Photos by John King and Jeff Bell – Ultiphotos.com
Last night, the Vancouver Nighthawks of Major League Ultimate came to Portland and scored a last-minute goal to defeat the Stags 14-13 in a hard-fought battle to take the Western Conference Championship and earn the right to face the DC Current for the MLU Championship in Philadelphia on July 19th.
In their previous three meetings, the teams had totaled 44, 35, and 45 goals, and the game’s leading scorer had racked up 10 points, eight points, and seven points respectively. Each game had featured moments where one team’s offence had got rolling and painted at least a momentary masterpiece, but this game was an entirely different animal. Neither offence ever got rolling other than in brief spurts, and the leading scorer, Vancouver’s Gagan Chatha, managed only four points. No work of art, this was a knock down, drag ‘em out heavyweight battle between two sluggers, with the last one standing coming out on top. It may not have been a masterpiece, but it made for compelling viewing.
Unbelievably, the Nighthawks held the Stags, who had averaged over 20 points per game through the regular season, scoreless for the first 12 minutes. That said, during those 12 minutes they managed to score only four points themselves.
In a dozen almost comedic seconds that ended the first quarter, Portland turned over the disc to Vancouver just outside the Stags’ end zone, whereupon Vancouver turned it back over to Portland on an attempted scoring pass, whereupon Portland immediately turned it back over right on the goal line when Peter Yu stepped into the passing lane for another interception, whereupon Yu passed for what would have been a goal if the pass hadn’t been completed a fraction of a second after time ran out in the quarter.
Part of the reason there was so little scoring to begin the game was due to a series of mistakes by both offences, but the two defences also played a big part.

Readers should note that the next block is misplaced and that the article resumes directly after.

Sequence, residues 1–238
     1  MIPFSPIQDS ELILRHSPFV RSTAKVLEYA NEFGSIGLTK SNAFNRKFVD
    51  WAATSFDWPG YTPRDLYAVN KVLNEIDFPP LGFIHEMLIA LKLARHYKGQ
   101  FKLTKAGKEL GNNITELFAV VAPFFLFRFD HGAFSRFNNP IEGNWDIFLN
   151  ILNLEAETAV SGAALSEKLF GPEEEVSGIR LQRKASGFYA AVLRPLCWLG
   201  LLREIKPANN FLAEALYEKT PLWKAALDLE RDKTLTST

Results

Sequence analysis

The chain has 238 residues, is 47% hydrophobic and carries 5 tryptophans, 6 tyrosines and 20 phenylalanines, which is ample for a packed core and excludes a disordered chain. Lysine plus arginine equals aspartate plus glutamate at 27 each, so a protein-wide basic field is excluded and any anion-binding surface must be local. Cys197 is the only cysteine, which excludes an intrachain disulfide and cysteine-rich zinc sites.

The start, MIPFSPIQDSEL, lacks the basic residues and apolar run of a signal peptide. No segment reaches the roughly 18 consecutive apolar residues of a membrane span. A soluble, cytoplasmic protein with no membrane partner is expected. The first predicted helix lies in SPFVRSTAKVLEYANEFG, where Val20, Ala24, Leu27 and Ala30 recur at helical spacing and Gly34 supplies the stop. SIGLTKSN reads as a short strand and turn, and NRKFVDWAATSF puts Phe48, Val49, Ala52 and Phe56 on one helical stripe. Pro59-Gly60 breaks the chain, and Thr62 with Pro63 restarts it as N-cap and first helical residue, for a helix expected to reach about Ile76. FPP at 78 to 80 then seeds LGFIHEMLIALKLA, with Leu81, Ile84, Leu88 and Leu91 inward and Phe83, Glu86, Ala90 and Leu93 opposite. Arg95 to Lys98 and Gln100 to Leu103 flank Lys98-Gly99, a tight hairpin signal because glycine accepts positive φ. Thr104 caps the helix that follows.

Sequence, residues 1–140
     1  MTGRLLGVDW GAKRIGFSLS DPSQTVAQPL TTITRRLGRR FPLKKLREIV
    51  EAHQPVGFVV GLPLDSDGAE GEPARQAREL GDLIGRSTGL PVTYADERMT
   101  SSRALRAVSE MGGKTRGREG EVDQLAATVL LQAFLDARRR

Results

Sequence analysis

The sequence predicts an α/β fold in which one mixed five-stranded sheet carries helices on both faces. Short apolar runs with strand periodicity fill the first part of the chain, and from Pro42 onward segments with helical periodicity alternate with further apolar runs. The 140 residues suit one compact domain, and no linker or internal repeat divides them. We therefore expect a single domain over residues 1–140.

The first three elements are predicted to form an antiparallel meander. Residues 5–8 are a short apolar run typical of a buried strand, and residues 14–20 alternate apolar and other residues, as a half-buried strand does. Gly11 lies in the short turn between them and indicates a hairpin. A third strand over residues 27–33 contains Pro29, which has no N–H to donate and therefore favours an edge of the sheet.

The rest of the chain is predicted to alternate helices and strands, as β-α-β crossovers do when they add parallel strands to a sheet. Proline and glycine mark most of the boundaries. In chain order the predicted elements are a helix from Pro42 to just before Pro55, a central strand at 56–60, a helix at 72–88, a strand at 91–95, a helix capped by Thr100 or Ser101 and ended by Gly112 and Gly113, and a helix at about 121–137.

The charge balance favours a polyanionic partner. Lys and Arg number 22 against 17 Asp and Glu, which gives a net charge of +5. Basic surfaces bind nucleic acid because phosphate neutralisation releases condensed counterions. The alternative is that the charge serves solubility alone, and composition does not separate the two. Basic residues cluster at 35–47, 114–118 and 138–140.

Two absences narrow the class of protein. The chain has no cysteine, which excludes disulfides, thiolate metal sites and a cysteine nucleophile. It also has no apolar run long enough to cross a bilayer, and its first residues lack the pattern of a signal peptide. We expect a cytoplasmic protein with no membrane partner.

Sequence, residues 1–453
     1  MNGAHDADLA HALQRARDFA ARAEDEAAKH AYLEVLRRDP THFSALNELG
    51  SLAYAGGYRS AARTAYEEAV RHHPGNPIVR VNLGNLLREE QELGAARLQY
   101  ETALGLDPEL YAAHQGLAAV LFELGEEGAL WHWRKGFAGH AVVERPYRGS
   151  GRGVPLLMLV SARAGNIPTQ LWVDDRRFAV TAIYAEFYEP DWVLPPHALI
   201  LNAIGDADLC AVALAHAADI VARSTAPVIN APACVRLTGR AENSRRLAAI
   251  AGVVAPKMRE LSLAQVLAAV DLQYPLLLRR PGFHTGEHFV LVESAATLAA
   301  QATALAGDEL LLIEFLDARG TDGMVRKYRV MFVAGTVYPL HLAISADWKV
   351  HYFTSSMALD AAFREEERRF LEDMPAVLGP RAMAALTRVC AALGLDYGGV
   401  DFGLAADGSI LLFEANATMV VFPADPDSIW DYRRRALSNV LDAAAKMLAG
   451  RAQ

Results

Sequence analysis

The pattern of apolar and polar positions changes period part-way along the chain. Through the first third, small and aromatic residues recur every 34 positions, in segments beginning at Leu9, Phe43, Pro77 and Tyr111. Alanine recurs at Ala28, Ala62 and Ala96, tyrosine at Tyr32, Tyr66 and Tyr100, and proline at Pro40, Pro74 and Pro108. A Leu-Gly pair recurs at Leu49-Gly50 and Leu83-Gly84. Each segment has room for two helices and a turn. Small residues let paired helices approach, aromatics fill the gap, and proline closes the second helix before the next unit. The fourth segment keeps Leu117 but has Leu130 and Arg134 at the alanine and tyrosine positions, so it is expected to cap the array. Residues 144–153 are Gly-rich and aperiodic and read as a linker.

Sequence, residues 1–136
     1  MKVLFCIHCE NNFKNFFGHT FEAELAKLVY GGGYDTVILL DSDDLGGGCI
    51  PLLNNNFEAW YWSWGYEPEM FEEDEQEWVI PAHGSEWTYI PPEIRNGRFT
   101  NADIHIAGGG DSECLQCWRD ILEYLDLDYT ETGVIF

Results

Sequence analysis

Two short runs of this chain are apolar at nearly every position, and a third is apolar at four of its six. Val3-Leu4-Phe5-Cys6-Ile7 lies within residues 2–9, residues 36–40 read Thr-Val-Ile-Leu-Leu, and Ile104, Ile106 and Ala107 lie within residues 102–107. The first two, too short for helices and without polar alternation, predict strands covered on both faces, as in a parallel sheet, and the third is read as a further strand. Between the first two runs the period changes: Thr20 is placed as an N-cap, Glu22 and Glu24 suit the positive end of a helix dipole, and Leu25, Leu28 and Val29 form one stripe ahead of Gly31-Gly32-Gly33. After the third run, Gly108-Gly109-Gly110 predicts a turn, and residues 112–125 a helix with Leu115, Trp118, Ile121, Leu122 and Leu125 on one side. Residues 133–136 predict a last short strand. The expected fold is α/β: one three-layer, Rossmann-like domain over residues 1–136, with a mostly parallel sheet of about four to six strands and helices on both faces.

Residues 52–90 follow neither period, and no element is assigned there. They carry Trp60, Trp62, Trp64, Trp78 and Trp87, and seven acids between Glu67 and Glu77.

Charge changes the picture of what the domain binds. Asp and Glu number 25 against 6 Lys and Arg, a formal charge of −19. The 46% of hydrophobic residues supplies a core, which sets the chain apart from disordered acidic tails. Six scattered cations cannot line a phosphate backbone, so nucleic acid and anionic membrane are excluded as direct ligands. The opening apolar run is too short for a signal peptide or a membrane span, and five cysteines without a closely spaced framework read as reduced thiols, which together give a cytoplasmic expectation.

“Conditions were fine, and the wind was manageable,” said D-line stalwart Alex Davis. “There were just a lot of turnovers, and slow, siege-work possessions. But both teams played strong defence, applying pressure and slowing down the game. Our O-line also visibly struggled on what should have been routine connections. We flat-out missed our targets on open cuts on at least six occasions.”
“But right from the start of the game, our D-line played sound, robust defence, and we forced Portland to grind and to use lots of resets. We forced them to use five seconds on almost every throw, and those add up. It chews up time. So even though we weren’t scoring a lot of points, we were burning up time and denying goals.”
The Nighthawks’ three first quarter goals, by Takuya Saito, Matthew Doyle, and Matt Berezan, all came after a series of turnovers that could have gone either way. However, when the Vancouver O-line started the second quarter with a smooth possession that resulted in Brendan Wong passing to Chatha for the 4-0 lead, it looked like the Stags were in deep trouble. But Portland got up off the ropes in remarkable fashion, suddenly scoring four lightning-quick goals, by Camden Allison-Hall, Topher Davis, Eli Blackman, and Peter Woodside, in only 75 seconds of game time to tie it up with 6:49 left in the first half.
Now it looked like it was the Nighthawks on the ropes, particularly after they quickly turned over possession after the ensuing pull. Portland called a timeout to get their O-line on the field, but this also allowed Vancouver to get their D-line back out, and they continued a theme they had established in the regular season, getting the disc back and converting it to a goal when Rumi Tejpar found Kevin Greer in the end zone. On the next point they got possession again and Morgan Hibbert passed the disc to Saito to give the Nightshawks a 6-4 lead with just under five minutes left in the first half.
By now the offences had started to settle in a bit. On the next point an end zone D by Davis prevented the Nighthawks from taking a three-point lead and eventually allowed Mark Burton to pass to Cody Bjorklund to cut the deficit to one, A Nighthawk goal by Brendan Wong and a last-second Portland score by Breeze Strout made the score 7-6 for the Nighthawks at halftime.
Portland’s Timmy Perston, who had torched Vancouver several times in the past, had missed the previous six weeks of MLU play due to a work assignment overseas, and the rustiness showed in the first half in which he had little impact and finished -5, the worst rating for either team in the half. But he shook off the rust in the second half, scoring after only 11 seconds in vintage fashion on a huck from Burton. Forty seconds later the Stags took their first lead of the game when Woodside caught another huck. The errors then started to creep back into both offences as the teams traded goals until Peter ‘The Playmaker’ Yu poached off his man, stealing the disc only inches from scoring a Callahan and then using his high release skills to find Doyle in the end zone to give the Nighthawks a 10-9 lead.